“A Fantastic Thriller.”
“It's Hitchcock....It's Supose To Be Good.”
[A] fascinating mystery.
Bosley Crowther - New York Times
With less playfulness and much more overt libido than other Hitchcock classics, Vertigo was always anomalous.
Janet Maslin - New York Times
You watch this guy going slowly over the brink and realize, good grief, this is Jimmy Stewart.
Mike Clark - USA Today
Do yourself an aesthetic favor: Take the plunge.
Desson Thomson - Washington Post
There is a glumness to the film that is notably missing from the director's other films of the period.
Jeff Millar - Houston Chronicle
It is about how Hitchcock used, feared and tried to control women.
Roger Ebert - Chicago Sun-Times
One of the landmarks--not merely of the movies, but of 20th-century art.
Dave Kehr - Chicago Reader
James Stewart, on camera almost constantly, comes through with a startlingly fine performance as the lawyer-cop who suffers from acrophobia.
Dean Essner - Variety
One of the things that still amazes me about this movie is the way its study of obsession is so single-minded.
Robert Horton - Film.com
From a craft standpoint, Vertigo represents the director in peak form.
James Berardinelli - ReelViews
The old master, now a slave to television, has turned out another Hitchcock-and-bull story in which the mystery is not so much who done it as who cares.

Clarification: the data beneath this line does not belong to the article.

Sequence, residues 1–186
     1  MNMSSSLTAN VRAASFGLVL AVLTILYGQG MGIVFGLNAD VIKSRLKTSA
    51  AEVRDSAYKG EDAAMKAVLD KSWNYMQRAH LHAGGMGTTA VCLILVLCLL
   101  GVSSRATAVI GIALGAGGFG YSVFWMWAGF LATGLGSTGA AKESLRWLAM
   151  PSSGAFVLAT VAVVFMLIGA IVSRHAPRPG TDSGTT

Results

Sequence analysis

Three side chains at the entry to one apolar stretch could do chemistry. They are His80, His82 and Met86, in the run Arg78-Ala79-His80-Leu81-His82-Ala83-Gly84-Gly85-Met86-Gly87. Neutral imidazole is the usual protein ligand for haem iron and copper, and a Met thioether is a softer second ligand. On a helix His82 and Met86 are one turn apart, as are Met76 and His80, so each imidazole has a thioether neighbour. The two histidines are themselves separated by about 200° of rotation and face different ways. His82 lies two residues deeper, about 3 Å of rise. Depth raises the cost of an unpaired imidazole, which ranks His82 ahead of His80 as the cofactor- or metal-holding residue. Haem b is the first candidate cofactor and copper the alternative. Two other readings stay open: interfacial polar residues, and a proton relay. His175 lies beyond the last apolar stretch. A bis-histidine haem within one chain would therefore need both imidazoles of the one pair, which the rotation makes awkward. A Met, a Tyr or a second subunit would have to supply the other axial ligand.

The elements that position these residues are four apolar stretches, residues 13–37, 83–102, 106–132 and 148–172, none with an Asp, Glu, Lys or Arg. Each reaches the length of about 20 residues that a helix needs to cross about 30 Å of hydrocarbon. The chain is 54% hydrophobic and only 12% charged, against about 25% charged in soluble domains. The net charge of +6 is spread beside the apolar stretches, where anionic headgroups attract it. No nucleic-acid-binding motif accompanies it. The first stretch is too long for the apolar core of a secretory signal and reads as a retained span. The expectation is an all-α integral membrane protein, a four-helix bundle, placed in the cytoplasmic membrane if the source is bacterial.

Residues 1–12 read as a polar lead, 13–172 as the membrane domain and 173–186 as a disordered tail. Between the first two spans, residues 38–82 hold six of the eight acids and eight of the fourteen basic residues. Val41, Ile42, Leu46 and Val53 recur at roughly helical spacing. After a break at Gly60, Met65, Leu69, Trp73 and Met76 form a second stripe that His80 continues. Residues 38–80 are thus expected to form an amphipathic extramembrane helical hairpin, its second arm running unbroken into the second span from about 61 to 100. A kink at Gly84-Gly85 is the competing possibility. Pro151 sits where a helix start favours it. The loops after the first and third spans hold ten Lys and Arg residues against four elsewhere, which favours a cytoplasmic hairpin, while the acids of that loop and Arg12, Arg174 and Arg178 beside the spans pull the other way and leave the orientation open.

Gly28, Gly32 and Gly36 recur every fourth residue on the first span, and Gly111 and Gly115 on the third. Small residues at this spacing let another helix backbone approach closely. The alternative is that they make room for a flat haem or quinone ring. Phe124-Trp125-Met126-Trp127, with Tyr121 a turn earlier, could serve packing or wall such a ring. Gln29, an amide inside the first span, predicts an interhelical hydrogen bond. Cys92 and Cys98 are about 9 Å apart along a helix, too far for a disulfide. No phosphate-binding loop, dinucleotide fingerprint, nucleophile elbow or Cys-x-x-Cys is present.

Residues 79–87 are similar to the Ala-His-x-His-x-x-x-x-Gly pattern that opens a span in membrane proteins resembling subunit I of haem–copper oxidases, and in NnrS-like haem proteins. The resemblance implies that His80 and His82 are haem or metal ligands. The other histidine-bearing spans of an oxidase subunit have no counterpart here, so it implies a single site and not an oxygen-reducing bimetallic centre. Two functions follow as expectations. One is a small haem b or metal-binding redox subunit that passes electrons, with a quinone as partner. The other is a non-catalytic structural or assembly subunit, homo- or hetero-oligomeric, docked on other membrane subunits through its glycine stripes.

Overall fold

Dean Essner - TIME Magazine
Hitchcock's most tender story.
Joshua Rothkopf - Time Out New York
Hitchcock's rich and strange fable of love lost, and lost again, makes the case for him as a grand experimental artist who labored in genre cinema.
Bill Weber - Slant Magazine
A haunting meditation on sexual politics, romantic love, and obsession, Vertigo is one of the greatest surreal movies ever made.
Emanuel Levy - EmanuelLevy.Com
Must-see Hitchcock thriller for any classic movie bug.
Scott G. Mignola - Common Sense Media
"Vertigo" is Alfred Hitchcock's beautifully stylized psychological thriller about a man in love with a fetishized romantic fantasy invented by another man.
Cole Smithey - ColeSmithey.com
Technically well made, but there are a plethora of more entertaining Hitchcock films available.
Scott Nash - Three Movie Buffs
Vertigo is a kind of consummate illusion--tantalizing for being so often out of reach (DVDs don't match the reel deal), fulfilling only for bringing us as close as possible to Hitchcock's head and heart in Frisco circa '58. Or...
Rob Nelson - minnpost.com
a disturbing and darkly revealing psychological thriller
Dan Jardine - Cinemania
After it, Psycho and the rest of the '60s are only a bitter precis of this thesis of sexual disassociation and identity politics.
Walter Chaw - Film Freak Central
Why is this movie Hitchcock's masterpiece? Because no movie plunges us more deeply into the dizzying heart of erotic obsession.
David Ansen - Newsweek
The "Vertigo" shot created for this film was so powerful and unique that everytime I see it used today, I get teary eyed.
Kevin McCarthy - BDK Reviews
Vertigo is an acknowledged masterpiece, one of those narrative films in which a bracing and unpredictable story has been distilled into a form that is at once classic and inventive.
Shawn Levy - Oregonian
Hitchcock was elsewhere an entertainer, often a great one, but Vertigo finds him working as an artist...
Rob Gonsalves - eFilmCritic.com
Alfred Hitchcock at his most disturbing.
Dennis Schwartz - Ozus' World Movie Reviews
A rich, resonant meditation of male romantic obsession ... Not only does Hitchcock demonstrate a total mastery of cinematic point-of-view, but he turns what might have been mere melodrama into film poetry. Perhaps his greatest film.
Thomas Delapa - Boulder Weekly
Slow but totally compelling.
Geoff Andrew - Time Out